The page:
Notable Winter Books

In her sweeping new account of how the U.S. Constitution came to be ratified in 1788, Pauline Maier, the William R. Kenan Jr. Professor of American History at MIT, clarifies the year’s heated debates. She samples a broad range of voices—from luminaries such as George Washington to anonymous detractors agitating against the weighty new order—to illuminate the complex rubric of regional history, individual biography, and political strategy that brought the nation to assent. She integrates local conflicts into the larger story of national unification by tracing the spread of arguments from one state to another in an expanding debate, which she argues “served to bind the nation together more tightly” and even reached across gender and class lines “to engross the attention of all classes of people,” as a Maine merchant reported in late 1787. Women made their views known in parlor rooms and dining halls.
Maier’s work demonstrates that the Constitution’s meaning did not emerge fully formed from behind closed doors at Philadelphia, but rather developed over time as citizens of all ranks brought their interpretations of the contentious document into the play of free and energetic debate. (Simon & Schuster, 608 pages, $30)
The Civil War: The First Year Told by Those Who Lived It
Edited by Brooks D. Simpson, Stephen W. Sears, and Aaron Sheehan-Dean
“From the houses then and the workshops, and through all the doorways, Leapt they tumultuous, and lo! Manhattan arming,” wrote Walt Whitman in spring 1861 after watching newly formed Union regiments march off to fight. Whitman’s vivid observations join a chorus of voices that ring out from the first year of the great ordeal in this book of wartime narratives, which contain more than 100 poems, letters, speeches, reports, and documents. (The Library of America plans to publish companion volumes for each year of the war.)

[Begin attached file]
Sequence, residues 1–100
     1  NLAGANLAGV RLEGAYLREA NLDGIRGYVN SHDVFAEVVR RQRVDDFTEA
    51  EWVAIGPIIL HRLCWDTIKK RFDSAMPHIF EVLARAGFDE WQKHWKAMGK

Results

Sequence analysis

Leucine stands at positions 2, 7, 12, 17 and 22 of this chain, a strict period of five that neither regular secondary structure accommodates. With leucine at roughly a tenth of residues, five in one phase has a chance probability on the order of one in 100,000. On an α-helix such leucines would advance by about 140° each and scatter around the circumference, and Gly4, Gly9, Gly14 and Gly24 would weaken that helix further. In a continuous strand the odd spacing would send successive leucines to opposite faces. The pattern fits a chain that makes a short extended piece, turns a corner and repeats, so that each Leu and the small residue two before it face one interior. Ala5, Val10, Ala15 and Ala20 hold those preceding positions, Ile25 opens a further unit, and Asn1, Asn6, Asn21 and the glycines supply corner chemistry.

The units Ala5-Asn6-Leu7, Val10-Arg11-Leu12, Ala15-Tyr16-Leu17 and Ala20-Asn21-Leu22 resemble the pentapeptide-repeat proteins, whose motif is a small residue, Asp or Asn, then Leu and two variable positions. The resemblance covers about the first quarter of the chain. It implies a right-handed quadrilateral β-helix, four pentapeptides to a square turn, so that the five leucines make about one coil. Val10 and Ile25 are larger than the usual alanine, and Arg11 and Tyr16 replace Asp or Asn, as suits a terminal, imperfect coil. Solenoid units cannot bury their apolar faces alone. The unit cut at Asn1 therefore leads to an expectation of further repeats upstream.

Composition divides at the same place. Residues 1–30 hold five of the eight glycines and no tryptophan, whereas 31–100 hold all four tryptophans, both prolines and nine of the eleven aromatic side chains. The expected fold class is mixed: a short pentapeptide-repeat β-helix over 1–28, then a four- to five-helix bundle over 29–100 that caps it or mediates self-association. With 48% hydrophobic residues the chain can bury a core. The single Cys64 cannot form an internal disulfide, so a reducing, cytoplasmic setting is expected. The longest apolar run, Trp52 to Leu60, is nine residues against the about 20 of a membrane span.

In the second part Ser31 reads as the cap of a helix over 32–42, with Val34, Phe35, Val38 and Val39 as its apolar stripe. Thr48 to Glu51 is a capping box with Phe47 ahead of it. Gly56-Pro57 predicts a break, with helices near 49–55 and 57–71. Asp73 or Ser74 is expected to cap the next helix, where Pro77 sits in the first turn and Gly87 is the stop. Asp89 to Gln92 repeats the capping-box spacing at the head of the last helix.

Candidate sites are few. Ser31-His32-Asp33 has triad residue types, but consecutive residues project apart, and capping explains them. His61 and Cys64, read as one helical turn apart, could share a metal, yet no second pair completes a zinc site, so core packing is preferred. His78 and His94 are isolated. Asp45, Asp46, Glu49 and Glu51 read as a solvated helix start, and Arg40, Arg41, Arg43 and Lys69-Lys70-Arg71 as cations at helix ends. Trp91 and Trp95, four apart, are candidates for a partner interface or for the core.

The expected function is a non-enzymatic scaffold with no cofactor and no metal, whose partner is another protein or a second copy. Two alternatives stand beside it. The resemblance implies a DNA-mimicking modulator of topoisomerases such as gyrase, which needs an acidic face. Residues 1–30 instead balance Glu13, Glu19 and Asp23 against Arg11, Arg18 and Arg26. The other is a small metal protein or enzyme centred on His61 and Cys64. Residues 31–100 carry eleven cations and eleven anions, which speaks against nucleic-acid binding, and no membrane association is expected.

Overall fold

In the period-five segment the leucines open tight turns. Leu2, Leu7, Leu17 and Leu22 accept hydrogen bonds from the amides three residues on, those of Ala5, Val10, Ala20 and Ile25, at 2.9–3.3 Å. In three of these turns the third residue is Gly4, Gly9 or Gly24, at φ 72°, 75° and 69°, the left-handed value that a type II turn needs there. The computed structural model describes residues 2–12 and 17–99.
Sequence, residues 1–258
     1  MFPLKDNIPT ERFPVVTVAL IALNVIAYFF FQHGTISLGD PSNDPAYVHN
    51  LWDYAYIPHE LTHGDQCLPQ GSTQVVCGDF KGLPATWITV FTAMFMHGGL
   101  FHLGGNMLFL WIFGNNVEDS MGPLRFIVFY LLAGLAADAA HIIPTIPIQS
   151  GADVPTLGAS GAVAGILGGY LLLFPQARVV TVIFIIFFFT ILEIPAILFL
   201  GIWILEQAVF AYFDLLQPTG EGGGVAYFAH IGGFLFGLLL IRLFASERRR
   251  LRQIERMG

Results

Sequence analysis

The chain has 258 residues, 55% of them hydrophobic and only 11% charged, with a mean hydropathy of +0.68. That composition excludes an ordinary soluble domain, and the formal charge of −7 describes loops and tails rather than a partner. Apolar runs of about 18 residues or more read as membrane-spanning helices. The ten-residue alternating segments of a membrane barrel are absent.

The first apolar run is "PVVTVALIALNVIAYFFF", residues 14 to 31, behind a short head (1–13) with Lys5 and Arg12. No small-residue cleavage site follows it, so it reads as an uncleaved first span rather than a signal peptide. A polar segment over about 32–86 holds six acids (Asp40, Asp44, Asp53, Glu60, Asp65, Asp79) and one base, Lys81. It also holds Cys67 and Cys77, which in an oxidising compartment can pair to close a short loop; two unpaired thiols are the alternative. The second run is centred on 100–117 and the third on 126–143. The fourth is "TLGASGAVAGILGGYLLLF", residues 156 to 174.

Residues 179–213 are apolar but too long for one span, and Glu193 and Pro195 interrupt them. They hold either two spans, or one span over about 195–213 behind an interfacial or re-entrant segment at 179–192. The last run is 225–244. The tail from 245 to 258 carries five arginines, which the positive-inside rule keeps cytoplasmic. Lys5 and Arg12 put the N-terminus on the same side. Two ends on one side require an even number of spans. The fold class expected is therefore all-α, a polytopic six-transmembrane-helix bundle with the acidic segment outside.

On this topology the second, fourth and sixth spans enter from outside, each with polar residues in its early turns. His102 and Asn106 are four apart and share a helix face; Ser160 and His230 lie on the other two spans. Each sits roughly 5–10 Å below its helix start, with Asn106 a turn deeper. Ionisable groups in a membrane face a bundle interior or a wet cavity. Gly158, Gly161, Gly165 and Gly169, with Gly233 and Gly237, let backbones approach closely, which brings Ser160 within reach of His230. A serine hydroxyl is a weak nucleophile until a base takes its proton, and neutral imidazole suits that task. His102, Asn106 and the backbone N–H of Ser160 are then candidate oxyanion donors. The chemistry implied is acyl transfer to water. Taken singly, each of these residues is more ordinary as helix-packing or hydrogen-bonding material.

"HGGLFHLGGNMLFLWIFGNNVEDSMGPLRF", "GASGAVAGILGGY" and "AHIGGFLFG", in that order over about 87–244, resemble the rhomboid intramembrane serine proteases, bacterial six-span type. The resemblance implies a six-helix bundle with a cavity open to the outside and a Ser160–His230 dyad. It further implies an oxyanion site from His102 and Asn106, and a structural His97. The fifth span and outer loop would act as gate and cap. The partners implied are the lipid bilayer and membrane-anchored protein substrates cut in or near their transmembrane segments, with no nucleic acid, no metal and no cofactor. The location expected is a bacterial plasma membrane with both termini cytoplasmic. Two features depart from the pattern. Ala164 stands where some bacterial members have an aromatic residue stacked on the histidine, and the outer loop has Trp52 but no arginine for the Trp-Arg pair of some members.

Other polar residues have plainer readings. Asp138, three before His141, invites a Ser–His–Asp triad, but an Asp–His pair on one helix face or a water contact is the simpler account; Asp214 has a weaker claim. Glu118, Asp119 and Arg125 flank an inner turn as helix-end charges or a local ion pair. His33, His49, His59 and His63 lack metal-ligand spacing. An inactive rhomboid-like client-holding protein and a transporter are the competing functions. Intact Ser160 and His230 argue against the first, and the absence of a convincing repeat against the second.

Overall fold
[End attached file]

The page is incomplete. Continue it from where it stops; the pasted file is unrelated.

Among the documents: Mississippi Sen. Jefferson Davis’s official, surprisingly humble resignation speech to the U.S. Congress; Gen. George B. McClellan’s letter to his wife denouncing Lincoln; and a South Carolinian planter’s daughter writing in her diary about the “great and glorious victory gained yesterday at Bull’s Run.” Excerpts also reveal unexpected conflict over how to heal the unraveling nation: a personal letter shows how the recently elected Lincoln tries to maintain the status quo of being unsupportive of abolition, while 67-year-old Texas governor Sam Houston, a hero of the state’s independence movement, risks his countrymen’s wrath to protest secession.
The editors preface each document with a brief introduction, providing valuable context. This volume finds broadly appealing human voices in the country’s single greatest catastrophe—and its ultimate greatest triumph. (Library of America, 840 pages, $37.50)